Defense Strategy Calls for Cultivating Talent
The 2018 National Defense Strategy calls for more emphasis on “cultivating” the military and civilian workforce and continued reforms to cut defense costs while improving performance.
Talent management efforts would apply to uniformed and civilian personnel.
For civilian workers, the document says the military “requires a motivated, diverse and highly skilled civilian workforce.” To get that, DoD “will emphasize new skills” with information experts, data scientists, computer programmers and basic science researchers and engineers. They’ll be expected to “use information, not simply manage it,” the document says.
“The department will also continue to explore streamlined, nontraditional pathways to bring critical skills into service, expanding access to outside expertise and devising new public-private partnerships to work with small companies, startups and universities,” it says.
For uniformed personnel, the strategy document says professional military education “has stagnated” and appears more focused on getting credit for completed courses than on improving leadership. “We will emphasize intellectual leadership and military professionalism in the art and science of warfighting, deepening our knowledge of history while embracing new technology and techniques to counter competitors,” it says.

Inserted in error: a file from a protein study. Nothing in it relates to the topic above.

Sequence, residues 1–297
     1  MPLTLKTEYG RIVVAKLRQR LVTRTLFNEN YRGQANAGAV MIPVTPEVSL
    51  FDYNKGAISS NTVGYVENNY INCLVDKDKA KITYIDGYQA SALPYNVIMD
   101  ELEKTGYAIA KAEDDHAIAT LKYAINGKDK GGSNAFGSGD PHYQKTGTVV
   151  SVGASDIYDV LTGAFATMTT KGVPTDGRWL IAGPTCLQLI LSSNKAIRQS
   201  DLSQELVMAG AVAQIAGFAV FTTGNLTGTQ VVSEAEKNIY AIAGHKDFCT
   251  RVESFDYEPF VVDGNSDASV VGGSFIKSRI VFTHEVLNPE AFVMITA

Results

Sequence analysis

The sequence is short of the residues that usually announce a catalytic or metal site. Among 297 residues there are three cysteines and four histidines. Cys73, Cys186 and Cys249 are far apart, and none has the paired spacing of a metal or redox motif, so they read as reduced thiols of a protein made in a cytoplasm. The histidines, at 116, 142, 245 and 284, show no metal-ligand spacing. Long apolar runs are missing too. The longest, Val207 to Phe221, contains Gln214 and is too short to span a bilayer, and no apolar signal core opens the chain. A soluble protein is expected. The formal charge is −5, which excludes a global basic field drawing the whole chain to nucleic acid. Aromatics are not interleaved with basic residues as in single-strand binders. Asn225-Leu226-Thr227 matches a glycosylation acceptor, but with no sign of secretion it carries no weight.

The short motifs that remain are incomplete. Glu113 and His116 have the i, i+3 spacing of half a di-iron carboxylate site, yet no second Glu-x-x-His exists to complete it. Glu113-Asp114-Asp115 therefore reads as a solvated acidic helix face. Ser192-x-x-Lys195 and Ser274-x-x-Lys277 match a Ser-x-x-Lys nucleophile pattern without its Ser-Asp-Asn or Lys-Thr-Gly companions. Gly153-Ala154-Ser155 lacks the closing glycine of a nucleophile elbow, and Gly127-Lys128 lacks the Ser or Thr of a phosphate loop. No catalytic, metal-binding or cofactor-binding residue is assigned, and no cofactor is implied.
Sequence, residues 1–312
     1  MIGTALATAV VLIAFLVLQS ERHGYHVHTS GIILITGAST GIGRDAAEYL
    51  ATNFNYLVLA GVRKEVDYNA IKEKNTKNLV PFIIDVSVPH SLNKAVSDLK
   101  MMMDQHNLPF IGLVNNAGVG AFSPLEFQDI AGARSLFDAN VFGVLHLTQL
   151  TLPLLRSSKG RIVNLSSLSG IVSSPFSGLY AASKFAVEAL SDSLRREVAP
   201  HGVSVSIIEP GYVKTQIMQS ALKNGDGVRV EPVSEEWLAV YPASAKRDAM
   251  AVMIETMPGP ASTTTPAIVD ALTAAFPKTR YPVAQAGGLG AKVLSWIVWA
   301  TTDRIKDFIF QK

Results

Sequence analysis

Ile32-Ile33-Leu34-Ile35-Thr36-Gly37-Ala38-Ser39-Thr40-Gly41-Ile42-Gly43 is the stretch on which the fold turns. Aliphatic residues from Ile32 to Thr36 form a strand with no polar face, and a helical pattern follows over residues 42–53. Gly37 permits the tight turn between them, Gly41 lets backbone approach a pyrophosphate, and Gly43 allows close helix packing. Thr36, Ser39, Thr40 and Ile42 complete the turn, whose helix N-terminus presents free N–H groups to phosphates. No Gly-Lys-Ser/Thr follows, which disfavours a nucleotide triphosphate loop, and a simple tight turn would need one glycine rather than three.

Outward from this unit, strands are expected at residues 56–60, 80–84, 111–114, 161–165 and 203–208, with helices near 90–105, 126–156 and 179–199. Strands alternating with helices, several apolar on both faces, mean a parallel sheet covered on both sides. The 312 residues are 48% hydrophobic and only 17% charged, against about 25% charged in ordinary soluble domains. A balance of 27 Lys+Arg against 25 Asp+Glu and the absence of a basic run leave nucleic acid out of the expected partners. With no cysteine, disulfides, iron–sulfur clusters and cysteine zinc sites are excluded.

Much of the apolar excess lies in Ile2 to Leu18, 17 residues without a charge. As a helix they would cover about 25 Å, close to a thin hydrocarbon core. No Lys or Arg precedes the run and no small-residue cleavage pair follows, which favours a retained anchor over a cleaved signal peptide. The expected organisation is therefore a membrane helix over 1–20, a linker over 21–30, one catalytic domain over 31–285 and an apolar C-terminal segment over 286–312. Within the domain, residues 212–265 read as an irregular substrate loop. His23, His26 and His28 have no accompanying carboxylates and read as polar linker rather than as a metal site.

Calling current military bureaucracy “increasingly unresponsive,” the strategy calls for a new culture “where results and accountability matter.”
“We will put in place a management system where leadership can harness opportunities and ensure effective stewardship of taxpayer resources,” it says.
That means changing management structure and processes to focus on innovation and financial control. It also means rethinking what it means to be successful. “Success no longer goes to the country that develops a new technology first but rather to the one that better integrates it and adapts its way of fighting,” the document says, calling for new focus on delivery speed, the ability to continuously adapt and to have frequent modular upgrades rather than completely new systems.
“We must not accept cumbersome approval chains, wasteful applications or resources in uncompetitive space or overly risk-adverse thinking that impedes change,” it says. “Delivering performance means we will shed outdated management practices and structures while integrating insights from business innovation.”